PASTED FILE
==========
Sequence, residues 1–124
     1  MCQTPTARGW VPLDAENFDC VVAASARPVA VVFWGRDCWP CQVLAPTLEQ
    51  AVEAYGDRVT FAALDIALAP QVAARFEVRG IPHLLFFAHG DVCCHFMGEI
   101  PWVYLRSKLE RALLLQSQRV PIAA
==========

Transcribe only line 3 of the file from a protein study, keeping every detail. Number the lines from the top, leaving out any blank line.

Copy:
    51  AVEAYGDRVT FAALDIALAP QVAARFEVRG IPHLLFFAHG DVCCHFMGEI